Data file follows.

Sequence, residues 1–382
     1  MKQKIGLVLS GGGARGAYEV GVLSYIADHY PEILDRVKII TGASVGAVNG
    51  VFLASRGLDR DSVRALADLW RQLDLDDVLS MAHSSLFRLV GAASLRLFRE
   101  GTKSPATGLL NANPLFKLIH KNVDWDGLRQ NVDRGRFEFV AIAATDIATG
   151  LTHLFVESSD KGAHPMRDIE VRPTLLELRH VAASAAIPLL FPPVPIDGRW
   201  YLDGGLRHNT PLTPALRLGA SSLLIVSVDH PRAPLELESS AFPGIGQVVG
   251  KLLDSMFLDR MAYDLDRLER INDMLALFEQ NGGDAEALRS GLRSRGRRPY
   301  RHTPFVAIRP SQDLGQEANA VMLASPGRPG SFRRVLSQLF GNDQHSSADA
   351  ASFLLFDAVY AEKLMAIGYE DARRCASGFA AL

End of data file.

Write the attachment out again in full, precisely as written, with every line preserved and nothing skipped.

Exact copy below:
Sequence, residues 1–382
     1  MKQKIGLVLS GGGARGAYEV GVLSYIADHY PEILDRVKII TGASVGAVNG
    51  VFLASRGLDR DSVRALADLW RQLDLDDVLS MAHSSLFRLV GAASLRLFRE
   101  GTKSPATGLL NANPLFKLIH KNVDWDGLRQ NVDRGRFEFV AIAATDIATG
   151  LTHLFVESSD KGAHPMRDIE VRPTLLELRH VAASAAIPLL FPPVPIDGRW
   201  YLDGGLRHNT PLTPALRLGA SSLLIVSVDH PRAPLELESS AFPGIGQVVG
   251  KLLDSMFLDR MAYDLDRLER INDMLALFEQ NGGDAEALRS GLRSRGRRPY
   301  RHTPFVAIRP SQDLGQEANA VMLASPGRPG SFRRVLSQLF GNDQHSSADA
   351  ASFLLFDAVY AEKLMAIGYE DARRCASGFA AL